US initiative secures $120 million to research next-gen storage technology

US initiative secures $120 million to research next-gen storage technology

US initiative secures $120 million to research next-gen storage technology Energy Storage Journal

Developing batteries five times more powerful, and significantly cheaper to make, is the focus of a public-private research initiative launched in the US.

To make electric transportation and electricity generation from renewables truly competitive in the longer term, much more is needed from storage technologies compared with today’s batteries. An initiative in the US is harnessing the research resource of five national laboratories, five universities and industrial companies to develop batteries that have the potential to outperform current technologies. In short, the aim is to develop batteries that are five times more powerful, five times cheaper, within five years.

The Joint Center for Energy Storage Research (JCESR), launched in November 2012, is one of four energy innovation hubs launched by the Department of Energy (DoE) since 2010. Argonne National Laboratory (ANL), in Illinois, is leading the public-private partnership, which will be supported with an award of up to $120 million (€88 million) over five years. As several universities in the Illinois are partners on the programme, JCSER has earned speculation in local press reports that the state is laying the foundations of a ‘Silicon Valley of battery science’.

DoE national laboratories and DoE-funded university research programmes have been responsible for advances in battery technology. For instance, work at Argonne helped make the Chevy Volt battery possible. Pooling the research of the national labs and universities could push the US ahead in the global energy storage industry.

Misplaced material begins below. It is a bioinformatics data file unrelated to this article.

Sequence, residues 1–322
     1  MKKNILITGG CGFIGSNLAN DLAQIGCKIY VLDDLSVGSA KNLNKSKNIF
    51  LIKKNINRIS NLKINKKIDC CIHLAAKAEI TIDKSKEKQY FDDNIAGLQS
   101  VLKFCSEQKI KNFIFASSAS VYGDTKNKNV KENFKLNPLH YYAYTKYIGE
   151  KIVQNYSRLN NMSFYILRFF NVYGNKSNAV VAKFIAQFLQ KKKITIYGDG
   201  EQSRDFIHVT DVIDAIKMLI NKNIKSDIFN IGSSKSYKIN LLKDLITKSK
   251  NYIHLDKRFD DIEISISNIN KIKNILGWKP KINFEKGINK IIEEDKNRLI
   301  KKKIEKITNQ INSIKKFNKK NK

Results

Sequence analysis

‘Advancing next generation battery and energy storage technologies for electric and hybrid cars and the electricity grid are critical to keeping America competitive in the global economy,’ Dr Linda Horton, director of the materials sciences and engineering division in the DOE’s Office of Science, told ESJ. ‘A goal of JCSER is to accelerate the development of energy storage solutions, improving grid storage to increase efficiency and to allow effective integration of intermittent renewable energy sources. At the same time, this hub will facilitate advances in battery technology that can move the transportation sector toward cleaner, more flexibly sourced, grid-based power.’

JCESR’s remit encompasses three R&D areas in electrochemical storage; multivalent intercalation, chemical transformation and non-aqueous redox flow. Multivalent intercalation focuses on working ions, such as magnesium or yttrium, which carry twice or triple the charge of lithium and have the potential to store two or three times as much energy. Chemical transformation is based on using the chemical reaction of the working ion to store many times the energy of today’s lithium-ion batteries. Non-aqueous redox flow is based on reversibly changing the charge state of ions held in solution in large storage tanks; the very high capacity of this approach is well-suited to the needs of the grid.